Post termination restrictions in employment contracts: Why have them and what to do when they are breached

Many employers have post termination restrictions in their employees’ contracts of employment in order to protect the company’s commercial and business interests when an employee resigns and leaves. This is particularly true in industries where there are trade secrets to protect, and more generally at management or executive levels, and in professional services.

The most common forms of post termination restrictions are ones that prevent the leaver from carrying out the following actions, for a specified period of time, after their employment comes to an end:

  1. Competing with the former employer;
  2. Using the former employer’s confidential information;
  3. Soliciting business from the former employer’s customers; and
  4. Soliciting the former employer’s staff.

Why are these post termination restrictions in the employment contract?

Put simply, the employer does not want his or her employee, once they have left, to compete and/or solicit and/or entice clients or staff to their new company. There is a balancing act to carry out, however, as an employer is not generally free to prevent this kind of condition without limitation – unless the provisions are carefully drafted they may well amount to an unlawful restraint of trade.

The restrictions (except for the use of confidential information), generally have time limits – commonly from a few months, and in exceptional cases to more than 12 months, and some will have other limits (for example contained to particular competitors or a specific geographic area).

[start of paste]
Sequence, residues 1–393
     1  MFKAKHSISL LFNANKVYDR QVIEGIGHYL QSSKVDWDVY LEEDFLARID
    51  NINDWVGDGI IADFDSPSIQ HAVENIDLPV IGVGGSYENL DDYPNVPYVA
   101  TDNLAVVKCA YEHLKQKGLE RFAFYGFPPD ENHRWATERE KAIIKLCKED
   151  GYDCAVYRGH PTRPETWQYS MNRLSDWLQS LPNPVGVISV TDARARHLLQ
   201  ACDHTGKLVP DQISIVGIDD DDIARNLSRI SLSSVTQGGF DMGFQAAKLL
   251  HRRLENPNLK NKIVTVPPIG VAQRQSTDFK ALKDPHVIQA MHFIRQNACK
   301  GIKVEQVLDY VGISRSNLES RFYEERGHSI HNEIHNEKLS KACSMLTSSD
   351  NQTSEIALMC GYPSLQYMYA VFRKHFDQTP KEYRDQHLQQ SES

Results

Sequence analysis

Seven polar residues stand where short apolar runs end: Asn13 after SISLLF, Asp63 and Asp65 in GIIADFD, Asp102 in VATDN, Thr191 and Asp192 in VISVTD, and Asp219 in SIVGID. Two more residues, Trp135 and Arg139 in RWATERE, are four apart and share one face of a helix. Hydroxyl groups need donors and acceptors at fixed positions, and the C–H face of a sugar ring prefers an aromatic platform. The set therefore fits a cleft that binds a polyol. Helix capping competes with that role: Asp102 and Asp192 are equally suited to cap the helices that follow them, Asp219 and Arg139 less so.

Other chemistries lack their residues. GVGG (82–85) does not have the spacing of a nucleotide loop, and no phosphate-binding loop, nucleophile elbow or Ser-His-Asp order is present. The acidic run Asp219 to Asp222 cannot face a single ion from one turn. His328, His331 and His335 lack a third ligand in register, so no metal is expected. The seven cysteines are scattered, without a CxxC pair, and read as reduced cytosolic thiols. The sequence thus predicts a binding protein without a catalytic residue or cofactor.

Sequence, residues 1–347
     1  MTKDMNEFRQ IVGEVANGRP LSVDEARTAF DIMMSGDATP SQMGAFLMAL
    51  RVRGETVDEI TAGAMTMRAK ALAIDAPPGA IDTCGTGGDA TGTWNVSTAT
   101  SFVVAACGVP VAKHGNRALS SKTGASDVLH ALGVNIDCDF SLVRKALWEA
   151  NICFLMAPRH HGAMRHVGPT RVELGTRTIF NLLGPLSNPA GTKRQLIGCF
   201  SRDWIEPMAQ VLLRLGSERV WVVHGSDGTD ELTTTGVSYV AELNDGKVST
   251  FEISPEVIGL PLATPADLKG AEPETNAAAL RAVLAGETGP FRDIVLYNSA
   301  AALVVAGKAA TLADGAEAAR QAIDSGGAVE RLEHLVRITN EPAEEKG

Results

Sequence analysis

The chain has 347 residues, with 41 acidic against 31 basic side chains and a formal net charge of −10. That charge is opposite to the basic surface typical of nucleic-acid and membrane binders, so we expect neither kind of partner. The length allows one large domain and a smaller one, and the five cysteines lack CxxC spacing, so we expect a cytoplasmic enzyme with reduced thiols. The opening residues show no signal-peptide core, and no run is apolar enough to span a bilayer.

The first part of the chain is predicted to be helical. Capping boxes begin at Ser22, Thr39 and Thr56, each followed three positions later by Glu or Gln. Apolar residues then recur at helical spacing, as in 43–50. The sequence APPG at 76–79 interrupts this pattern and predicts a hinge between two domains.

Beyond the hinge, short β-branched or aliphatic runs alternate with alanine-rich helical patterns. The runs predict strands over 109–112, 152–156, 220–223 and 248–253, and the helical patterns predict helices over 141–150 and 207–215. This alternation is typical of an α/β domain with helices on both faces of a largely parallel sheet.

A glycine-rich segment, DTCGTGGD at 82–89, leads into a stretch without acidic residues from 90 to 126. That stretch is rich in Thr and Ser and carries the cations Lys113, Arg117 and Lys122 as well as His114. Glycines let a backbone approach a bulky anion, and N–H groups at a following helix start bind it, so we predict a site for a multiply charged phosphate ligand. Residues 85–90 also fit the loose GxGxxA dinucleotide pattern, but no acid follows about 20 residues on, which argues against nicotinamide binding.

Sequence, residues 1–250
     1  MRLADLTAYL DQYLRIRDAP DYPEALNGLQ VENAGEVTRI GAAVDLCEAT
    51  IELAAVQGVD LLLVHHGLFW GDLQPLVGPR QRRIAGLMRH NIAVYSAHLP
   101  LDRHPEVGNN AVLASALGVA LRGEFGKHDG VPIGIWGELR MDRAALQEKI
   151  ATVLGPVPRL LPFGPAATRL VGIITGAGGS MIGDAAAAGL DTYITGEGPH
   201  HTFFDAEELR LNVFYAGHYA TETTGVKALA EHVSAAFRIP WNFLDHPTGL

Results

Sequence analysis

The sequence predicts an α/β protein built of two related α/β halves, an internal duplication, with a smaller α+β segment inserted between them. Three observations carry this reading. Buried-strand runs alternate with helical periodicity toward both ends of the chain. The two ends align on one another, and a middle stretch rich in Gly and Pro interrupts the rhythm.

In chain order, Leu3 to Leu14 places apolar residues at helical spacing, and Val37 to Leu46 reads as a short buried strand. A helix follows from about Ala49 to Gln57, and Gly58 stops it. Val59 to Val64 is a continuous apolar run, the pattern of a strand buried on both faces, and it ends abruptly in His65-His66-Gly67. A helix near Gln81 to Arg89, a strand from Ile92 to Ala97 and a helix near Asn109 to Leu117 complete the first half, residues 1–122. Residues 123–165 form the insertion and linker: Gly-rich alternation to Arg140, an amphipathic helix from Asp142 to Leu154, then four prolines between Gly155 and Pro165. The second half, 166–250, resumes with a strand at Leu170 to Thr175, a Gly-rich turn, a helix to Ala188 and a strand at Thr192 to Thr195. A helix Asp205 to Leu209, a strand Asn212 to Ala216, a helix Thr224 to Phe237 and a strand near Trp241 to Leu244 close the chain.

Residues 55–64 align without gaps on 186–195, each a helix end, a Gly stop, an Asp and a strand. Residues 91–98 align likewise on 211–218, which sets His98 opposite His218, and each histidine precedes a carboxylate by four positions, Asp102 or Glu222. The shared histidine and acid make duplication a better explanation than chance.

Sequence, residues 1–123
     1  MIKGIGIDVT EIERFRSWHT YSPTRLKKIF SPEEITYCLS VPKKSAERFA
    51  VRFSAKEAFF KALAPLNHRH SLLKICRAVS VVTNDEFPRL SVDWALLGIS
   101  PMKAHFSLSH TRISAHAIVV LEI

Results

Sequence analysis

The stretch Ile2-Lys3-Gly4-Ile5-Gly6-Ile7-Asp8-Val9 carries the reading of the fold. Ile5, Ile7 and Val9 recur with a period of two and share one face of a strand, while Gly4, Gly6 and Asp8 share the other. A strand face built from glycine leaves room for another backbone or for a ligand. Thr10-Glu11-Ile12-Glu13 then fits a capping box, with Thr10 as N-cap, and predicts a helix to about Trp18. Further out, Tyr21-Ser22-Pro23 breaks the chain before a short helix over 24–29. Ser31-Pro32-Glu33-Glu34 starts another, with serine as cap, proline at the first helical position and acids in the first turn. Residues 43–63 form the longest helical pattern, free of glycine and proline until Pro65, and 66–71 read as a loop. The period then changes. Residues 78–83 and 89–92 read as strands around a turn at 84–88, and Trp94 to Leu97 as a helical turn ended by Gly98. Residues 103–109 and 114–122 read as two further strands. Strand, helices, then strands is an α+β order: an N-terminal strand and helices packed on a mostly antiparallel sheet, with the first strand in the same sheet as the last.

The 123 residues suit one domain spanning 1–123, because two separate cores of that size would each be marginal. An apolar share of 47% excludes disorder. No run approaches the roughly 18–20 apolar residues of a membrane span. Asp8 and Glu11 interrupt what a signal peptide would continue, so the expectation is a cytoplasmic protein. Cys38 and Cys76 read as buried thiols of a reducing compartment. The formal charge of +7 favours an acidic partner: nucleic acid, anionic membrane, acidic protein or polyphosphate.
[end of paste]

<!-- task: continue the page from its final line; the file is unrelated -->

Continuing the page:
The restriction must be tailored to the particular employee, taking account for example their level of seniority (at the date the restriction takes effect), what kind of client contact they have – ultimately what kind of damage they might do to the company if they are not restrained.  Many employers forget to update the restrictions as an employee becomes more senior – what was a sufficient restriction for a junior employee is unlikely to feel satisfactory for the company CEO. Employers may also use boilerplate provisions, which they may find get thrown out in their entirety because they were too onerous for the employee when they started at the company.

Getting the terms of restrictive covenants right can take a lot of the headache out of addressing a breach when an employee leaves, and is very often worth a bit of time and investment..

What happens when an employee breaches the post termination restrictions?

Once the employer becomes aware of (or suspicious of) a breach, it must move quickly in order to limit the damage being carried out to the business. There may be practical steps to take, for example carrying out a review of the leaver’s computer in order to gather evidence.  It may be helpful to engage solicitors  to write to the former employee requesting that the leaver  ‘undertakes’ or promises to abide by the restrictive covenants and for example, to :

  • Cease and desist from carrying out breaches of their post termination restrictions. So that means either: stop competing, stop soliciting clients or stop enticing former colleagues to join the new company;
  • Deliver up all of the former employer’s property;
  • Deliver up all hard copy confidential information belonging to the former employee which is in their possession;
  • Irretrievably destroy all soft copy confidential information belonging to the former employer (for example all information held on computers, laptops, hand held devices, servers / back-up servers);